The question that is now posed to practitioners of institutional critique, or more broadly critical art, is how to proceed with a practice that on one hand is inextricably tied to the institution while on the other hand seeks to radically and fundamentally change those institutions. If “the first wave of institutional critique criticism produced integration into the institution, [and] the second one only integration into representation was achieved” what sort of praxis can be developed to adequately continue this mode of art making? One potentiality is Steyerl’s concept of Circulationism which “could also be about short-circuiting existing networks, circumventing and bypassing corporate friendship and hardware monopolies. It could become the art of recording or rewiring the system by exposing state scopophilia, capital compliance and wholesale surveillance.” Circulationism could also then be about the acceleration of these inherent absurdities of the institution until they reach a critical requiem mass. I believe that in conjunction with circulationism the way forward for institutional critique is about the examination of the role of the individual within the institution and its role in the truth making and legitimation of the institution. No longer can we be passive spectators of the spectacle provided by these institutions, an active position must be taken to no longer separate ourselves from the institutions despite their efforts to keep individuals out, however strong those efforts may be for some groups of people more than others.
What is needed here and now is parrhesia as a double strategy: as an attempt of involvement and engagement in a process of hazardous refutation, and as self-questioning. What is needed, therefore, are practices that conduct radical social criticism, yet which do not fancy themselves in an imagined distance to institutions; at the same time, practices that are self-critical and yet do not cling to their own involvement, their complicity, their imprisoned existence in the art field, their fixation on institutions and the institution, their own being-institution.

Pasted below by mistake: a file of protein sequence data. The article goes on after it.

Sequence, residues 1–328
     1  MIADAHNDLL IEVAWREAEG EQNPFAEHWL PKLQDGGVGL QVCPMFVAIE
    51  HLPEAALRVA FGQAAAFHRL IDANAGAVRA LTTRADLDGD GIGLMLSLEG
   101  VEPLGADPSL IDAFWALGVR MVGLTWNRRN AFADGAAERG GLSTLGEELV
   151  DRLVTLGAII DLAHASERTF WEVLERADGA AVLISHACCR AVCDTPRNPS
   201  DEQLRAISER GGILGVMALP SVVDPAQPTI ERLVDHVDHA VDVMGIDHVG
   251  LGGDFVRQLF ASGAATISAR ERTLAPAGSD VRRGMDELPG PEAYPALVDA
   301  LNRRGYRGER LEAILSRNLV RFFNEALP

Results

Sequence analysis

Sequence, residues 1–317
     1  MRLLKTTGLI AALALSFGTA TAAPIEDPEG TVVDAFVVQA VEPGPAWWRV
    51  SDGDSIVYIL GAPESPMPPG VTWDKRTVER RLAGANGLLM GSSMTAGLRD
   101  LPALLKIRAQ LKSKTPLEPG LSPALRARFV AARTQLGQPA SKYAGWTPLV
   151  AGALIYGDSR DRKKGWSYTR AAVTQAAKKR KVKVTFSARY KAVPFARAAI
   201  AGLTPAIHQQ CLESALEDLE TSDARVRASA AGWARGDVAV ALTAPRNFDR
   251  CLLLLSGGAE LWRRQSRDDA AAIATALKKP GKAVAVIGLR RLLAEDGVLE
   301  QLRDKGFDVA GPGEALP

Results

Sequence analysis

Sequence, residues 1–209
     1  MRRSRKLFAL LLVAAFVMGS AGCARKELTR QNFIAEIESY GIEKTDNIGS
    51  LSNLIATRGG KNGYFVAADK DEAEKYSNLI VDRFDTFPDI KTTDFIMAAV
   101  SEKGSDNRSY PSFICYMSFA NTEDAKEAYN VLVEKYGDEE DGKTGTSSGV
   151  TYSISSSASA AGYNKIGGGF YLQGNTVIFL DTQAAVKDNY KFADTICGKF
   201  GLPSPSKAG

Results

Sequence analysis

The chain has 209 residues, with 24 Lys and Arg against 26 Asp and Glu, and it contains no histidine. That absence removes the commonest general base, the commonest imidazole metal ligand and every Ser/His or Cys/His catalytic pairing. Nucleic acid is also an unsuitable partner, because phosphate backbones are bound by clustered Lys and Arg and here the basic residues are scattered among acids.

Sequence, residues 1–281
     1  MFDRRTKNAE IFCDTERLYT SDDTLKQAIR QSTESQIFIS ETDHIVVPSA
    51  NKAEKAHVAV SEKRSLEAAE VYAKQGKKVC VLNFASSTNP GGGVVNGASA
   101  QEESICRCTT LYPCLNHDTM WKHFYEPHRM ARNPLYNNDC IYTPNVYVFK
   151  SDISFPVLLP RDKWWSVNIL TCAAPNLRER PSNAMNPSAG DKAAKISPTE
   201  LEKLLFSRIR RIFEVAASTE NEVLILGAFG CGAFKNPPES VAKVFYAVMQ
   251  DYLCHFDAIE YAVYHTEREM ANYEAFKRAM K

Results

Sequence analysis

Absurdity of course rears its head in full grandeur at the Tate Modern; the artist page for Hans Haacke on Tate’s website is only a few sentences long with a button below it linking the viewer to Wikipedia’s article on Haacke. An even closer inspection will reveal that all, albeit limited, information on the Tate’s website is a direct quotation of the Wikipedia article. How ironic it is that an institution would outsource one of its strongest soft-powers to the viewer? This however, brings to light an interesting dilemma which is that institutions play a role in truth-making at large, they are the systems of information dissemination and legitimation; in the arts context, institutions are the ones who gild an artwork and create the cultural value. This is of course not to state that powerful art made by great artists can and has been created outside of this culturally capitalist system but rather that due to the canonization that these institutions propagate, most artists deemed “great” are benefitting from the midas touch of the consecrated art institution.